Niall Quinn (The Hitchers, The Pennywhores, Theme Tune Boy, Half Arsed Half Biscuit, replaced by Dolores in that other Limerick band)
Stars Of Heaven. 'Alt-country' when it was neither profitable nor popular.
Pet Lamb. After putting out Sweaty Handshake, a record cobbled together from self-released EPs, their label refused to release their proper album. Why they signed to Roadrunner remains a rock'n'roll mystery.
A House, The Blades, Sinead O' Connor, Rory Gallagher, Moving Hearts/Christy Moore, Microdisney/Fatima Mansions, Van Morrison - and after seeing them live the other night - The Hothouse Flowers. Seriously impressed, I was.
Also got a soft spot for Auto Da Fe, In Tua Nua, The Subterraneans and The Adventures.
Theres a vocalist called Ras Tinny who works with Alpha Stepper a bit - met him once, a gentle giant of a man, and turns out he has a small holding somewhere right on the west coast of Ireland - must have Atlantic weather bearing down on him regularly. Just had a look for a little youtube video and this one was probably shot not all that far away from his patch.
Posted in the video description:
"We shot this clip in Ireland near Céide Fields, the oldest known field systems in the world, over 5500 years old! A beautiful and unique Neolithic landscape of world importance. The remains of stone field walls, houses and megalithic tombs are preserved beneath a carpet of peat over several square miles. This is the story of a farming community, their organised society, spiritual beliefs, and their struggle against climate change. These people arrived in a land with a substantial pine forest canopy, this was cleared to provide access to arable land and to provide building material and firewood. For a time the people prospered, but eventually raised bogs developed and the arable land transformed into barren and unusable land. It is believed that the removal of the tree canopy helped cause this change. The substantial tree cover prevented most of the rain reaching the ground, but with the removal of the forests, all of the rain reached the ground and, it is believed, leached the earth of its nutrients.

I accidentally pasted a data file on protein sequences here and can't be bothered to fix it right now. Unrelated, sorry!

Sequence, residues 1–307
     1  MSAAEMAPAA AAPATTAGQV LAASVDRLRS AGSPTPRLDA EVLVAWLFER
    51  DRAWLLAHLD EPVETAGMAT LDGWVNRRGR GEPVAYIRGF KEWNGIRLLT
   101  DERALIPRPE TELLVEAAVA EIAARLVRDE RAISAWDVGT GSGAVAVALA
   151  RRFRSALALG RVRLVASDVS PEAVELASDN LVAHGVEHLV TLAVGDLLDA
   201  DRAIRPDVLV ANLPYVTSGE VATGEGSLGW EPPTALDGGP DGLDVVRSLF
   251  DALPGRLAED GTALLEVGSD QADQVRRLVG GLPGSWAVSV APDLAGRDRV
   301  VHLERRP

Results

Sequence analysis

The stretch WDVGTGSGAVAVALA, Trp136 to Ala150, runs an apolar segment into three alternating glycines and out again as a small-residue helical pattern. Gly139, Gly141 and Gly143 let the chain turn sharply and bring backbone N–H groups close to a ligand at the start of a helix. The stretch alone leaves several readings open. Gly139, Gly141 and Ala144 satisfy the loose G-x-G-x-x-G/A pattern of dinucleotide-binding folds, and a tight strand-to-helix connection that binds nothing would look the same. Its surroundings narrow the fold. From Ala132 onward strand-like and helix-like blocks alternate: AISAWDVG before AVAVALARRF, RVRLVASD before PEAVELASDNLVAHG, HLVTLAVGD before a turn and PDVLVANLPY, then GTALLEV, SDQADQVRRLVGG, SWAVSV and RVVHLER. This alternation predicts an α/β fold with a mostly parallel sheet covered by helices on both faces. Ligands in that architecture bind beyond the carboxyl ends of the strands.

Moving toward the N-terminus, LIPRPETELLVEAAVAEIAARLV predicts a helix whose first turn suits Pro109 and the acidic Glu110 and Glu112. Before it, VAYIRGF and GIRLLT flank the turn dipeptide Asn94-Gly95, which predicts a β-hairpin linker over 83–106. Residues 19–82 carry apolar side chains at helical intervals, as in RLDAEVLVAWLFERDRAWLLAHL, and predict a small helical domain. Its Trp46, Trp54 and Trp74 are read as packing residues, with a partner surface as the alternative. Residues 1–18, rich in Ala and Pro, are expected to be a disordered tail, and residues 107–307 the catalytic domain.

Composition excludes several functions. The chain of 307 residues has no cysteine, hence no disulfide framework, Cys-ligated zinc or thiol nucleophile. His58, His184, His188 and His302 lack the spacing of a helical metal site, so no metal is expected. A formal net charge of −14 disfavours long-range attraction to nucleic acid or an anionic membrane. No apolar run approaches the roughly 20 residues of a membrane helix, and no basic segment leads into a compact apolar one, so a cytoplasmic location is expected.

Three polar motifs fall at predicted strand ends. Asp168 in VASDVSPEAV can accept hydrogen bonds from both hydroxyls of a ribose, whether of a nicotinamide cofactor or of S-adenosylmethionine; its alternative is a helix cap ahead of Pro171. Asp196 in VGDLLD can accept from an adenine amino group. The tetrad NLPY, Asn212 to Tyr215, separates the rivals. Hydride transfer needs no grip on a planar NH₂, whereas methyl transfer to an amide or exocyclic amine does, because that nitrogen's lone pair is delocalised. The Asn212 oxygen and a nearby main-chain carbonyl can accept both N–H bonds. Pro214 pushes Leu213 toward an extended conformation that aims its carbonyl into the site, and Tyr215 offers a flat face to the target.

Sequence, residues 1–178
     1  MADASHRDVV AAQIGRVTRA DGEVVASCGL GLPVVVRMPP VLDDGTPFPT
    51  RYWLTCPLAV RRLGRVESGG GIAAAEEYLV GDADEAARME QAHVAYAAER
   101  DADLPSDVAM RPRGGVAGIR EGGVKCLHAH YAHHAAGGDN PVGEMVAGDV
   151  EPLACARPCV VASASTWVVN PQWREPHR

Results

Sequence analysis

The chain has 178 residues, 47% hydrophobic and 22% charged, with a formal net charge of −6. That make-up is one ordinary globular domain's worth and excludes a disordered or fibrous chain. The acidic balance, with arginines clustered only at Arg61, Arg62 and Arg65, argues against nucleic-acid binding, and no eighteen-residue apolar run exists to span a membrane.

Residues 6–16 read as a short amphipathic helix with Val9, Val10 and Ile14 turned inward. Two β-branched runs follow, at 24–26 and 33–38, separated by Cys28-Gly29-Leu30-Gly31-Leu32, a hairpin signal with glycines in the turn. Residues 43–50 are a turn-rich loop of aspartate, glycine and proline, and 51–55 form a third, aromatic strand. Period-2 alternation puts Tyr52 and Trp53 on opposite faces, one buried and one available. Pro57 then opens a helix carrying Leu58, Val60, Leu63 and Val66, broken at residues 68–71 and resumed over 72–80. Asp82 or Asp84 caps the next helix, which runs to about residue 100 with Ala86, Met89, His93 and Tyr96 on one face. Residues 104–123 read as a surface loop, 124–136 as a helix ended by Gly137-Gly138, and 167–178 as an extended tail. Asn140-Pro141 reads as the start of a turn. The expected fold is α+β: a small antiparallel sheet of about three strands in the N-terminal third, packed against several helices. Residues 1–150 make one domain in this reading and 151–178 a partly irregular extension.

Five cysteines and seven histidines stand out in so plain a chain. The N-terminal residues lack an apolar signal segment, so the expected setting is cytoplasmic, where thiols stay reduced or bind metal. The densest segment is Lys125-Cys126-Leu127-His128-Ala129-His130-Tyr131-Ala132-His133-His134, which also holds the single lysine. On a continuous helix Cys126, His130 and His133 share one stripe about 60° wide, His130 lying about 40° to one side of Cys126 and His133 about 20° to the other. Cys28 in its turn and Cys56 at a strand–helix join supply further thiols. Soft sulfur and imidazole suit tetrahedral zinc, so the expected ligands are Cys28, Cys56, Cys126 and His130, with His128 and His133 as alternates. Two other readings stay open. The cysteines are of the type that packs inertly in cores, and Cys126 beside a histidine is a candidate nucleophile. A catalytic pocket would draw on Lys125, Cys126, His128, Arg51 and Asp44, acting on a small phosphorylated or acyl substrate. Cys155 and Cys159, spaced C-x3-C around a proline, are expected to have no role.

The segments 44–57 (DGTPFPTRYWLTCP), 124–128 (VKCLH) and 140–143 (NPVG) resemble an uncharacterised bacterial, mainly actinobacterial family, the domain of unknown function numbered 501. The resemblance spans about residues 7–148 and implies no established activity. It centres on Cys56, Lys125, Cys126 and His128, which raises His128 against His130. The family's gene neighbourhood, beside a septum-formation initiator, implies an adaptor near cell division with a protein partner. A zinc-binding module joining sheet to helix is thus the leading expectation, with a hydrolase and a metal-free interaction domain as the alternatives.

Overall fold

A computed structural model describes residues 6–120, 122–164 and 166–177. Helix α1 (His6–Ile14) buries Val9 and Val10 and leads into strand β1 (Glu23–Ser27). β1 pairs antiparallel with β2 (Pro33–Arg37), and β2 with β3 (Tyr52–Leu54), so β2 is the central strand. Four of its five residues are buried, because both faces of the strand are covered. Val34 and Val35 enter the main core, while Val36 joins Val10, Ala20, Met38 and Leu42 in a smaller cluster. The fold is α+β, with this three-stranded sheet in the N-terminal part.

Today, just some of the associated effects of anthropologically related climate change are the variability of rainfall and cyclonic patterns we've seen in recent years. For many people across the world variability of rainfall is already having a devastating effect - intense heavy rainfall leads to flooding; breaks in the monsoon of a week or more lead to water shortage and agricultural drought. In short, if we keep chopping down the forests and mashing up the Earth our species is in deep sh*t. Maybe we can take a lesson from the people of Céide Fields, and our ancestors throughout history, we don't have to look far to see great civilisations come undone by climate change, Rapa Nui, The Akkadian Empire, The Indus Valley, The Minoans, The Anasazi, The Khmer Empire, The Maya Civilisation and so on... climate change is natural and inevitable, but if it is true that humans are causing the climate to change 170 times faster than natural forces then we need to do everything we can to reduce that number, and quickly. Big up to all those who are studying and working towards sustainability, you are the true heroes of our time. "